Margin tax initiative rejected by district judge |

Margin tax initiative rejected by district judge

by Sean Whaley
Nevada News Bureau

Carson City District Judge James Wilson today ruled a teacher-backed proposal to impose a margin tax in Nevada cannot go forward because it violates a “single-subject” rule for such measures.

Wilson said because the initiative petition proposes both the tax and a requirement for certain taxpayer information to be made public as part of the measure, it deals with two subjects.

Wilson said the Secretary of State’s office is enjoined from submitting the petition to the Legislature in 2013 or to the general election ballot in 2014.

The petition, filed by the Nevada State Education Association in June, sought to levy a 2 percent tax on companies making gross revenues in excess of $1 million a year. The association was waiting until Wilson’s ruling before circulating petitions to gather the necessary signatures to take the measure to the Legislature next year, and then to the voters if lawmakers failed to act.

The petition was challenged in court by the Committee to Protect Nevada Jobs, which argued it violated the single-subject rule. The committee also argued the 200 word description of effect of the proposal was inadequate.

Wilson ruled the description of effect was proper and rejected the committee’s arguments.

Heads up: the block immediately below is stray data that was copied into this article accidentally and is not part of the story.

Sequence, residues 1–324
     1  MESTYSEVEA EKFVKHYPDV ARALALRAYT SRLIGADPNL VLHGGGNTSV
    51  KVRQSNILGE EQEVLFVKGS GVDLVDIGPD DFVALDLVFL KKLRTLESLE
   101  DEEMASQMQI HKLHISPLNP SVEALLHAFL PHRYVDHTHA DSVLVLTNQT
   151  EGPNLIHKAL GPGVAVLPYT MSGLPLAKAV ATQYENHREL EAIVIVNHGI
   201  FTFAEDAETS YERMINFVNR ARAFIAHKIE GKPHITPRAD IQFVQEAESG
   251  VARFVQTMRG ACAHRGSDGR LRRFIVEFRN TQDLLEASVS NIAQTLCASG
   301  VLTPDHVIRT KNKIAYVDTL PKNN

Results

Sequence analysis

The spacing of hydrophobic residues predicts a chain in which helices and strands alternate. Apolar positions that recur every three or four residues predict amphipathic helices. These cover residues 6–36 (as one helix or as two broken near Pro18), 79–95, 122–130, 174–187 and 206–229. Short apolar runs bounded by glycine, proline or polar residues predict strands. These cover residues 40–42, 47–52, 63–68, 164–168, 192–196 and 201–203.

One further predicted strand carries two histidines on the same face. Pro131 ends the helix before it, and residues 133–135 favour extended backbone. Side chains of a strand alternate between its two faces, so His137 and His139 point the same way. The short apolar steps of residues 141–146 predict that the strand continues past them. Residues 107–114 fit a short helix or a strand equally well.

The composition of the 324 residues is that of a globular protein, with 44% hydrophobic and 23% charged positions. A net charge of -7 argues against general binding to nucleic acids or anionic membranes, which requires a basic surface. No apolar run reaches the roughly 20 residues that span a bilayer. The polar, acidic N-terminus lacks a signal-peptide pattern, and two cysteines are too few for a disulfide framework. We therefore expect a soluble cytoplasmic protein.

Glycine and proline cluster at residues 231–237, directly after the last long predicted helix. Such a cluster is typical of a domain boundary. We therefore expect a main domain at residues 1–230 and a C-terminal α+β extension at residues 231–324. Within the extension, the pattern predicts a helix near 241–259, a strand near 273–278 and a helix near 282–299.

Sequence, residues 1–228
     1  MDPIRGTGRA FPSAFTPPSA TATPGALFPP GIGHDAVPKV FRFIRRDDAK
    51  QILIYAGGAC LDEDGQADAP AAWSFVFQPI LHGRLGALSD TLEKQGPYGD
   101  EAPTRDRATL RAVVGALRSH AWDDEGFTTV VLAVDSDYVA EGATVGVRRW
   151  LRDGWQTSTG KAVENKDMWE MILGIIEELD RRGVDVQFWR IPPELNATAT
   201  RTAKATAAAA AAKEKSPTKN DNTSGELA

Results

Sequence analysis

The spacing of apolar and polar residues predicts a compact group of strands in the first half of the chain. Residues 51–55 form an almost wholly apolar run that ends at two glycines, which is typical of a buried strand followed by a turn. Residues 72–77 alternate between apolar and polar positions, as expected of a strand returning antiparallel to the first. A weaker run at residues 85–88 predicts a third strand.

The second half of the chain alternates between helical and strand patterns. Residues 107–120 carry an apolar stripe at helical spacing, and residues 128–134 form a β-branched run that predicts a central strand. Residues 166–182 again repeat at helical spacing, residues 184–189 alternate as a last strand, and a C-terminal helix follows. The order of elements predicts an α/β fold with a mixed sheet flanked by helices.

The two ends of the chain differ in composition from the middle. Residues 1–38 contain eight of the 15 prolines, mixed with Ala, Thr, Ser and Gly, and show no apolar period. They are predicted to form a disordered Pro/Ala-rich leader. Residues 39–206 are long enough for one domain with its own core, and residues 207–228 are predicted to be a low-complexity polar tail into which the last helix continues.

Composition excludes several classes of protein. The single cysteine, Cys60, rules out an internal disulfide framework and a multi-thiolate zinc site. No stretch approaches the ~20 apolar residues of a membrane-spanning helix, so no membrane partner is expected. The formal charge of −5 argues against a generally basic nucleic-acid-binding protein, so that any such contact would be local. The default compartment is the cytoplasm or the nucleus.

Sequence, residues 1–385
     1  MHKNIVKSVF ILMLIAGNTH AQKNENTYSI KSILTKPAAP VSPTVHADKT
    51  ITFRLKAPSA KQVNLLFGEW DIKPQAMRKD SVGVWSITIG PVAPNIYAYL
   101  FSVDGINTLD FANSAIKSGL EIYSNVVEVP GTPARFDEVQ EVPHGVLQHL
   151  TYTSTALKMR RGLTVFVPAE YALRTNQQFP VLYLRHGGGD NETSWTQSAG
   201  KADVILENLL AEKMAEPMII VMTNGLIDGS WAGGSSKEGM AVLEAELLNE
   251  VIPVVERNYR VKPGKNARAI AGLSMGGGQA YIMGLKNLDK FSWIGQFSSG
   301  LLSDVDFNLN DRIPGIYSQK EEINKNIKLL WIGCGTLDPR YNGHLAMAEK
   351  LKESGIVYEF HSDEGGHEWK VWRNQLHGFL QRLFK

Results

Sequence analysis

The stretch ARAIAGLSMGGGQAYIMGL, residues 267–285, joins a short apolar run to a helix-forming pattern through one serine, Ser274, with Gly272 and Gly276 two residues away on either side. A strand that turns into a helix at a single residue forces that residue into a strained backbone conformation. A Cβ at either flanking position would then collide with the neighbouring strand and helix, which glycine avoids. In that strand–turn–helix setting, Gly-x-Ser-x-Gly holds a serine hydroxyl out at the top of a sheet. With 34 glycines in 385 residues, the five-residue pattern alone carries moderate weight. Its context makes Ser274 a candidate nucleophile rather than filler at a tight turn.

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But because the petition also sought to have information identifying the companies paying the margin tax and the amount they paid published on a website by the Department of Taxation for the public to review, it improperly encompassed two subjects, he said.

“Imposing a tax to support Nevada schools and changing current tax law to make certain tax record information public are not functionally related and germane to each other in a way that provides sufficient notice of the general subject of, and the interests likely to be affect by, the proposed initiative,” Wilson said in his decision.

Other challenges to the singe-subject rule raised by the Committee to Protect Nevada Jobs were rejected by Wilson.

Teachers are seeking the new tax to bring in as much as $800 million a year for public education.

Lynn Warne, president of the NSEA, said after the hearing last week that if Wilson ruled only in a limited way against the petition, that the association might revise the proposal and re-file it with the Secretary of State’s Office so the signature gathering effort could begin. There was no immediate response on what the NSEA will do as a result of today’s ruling.

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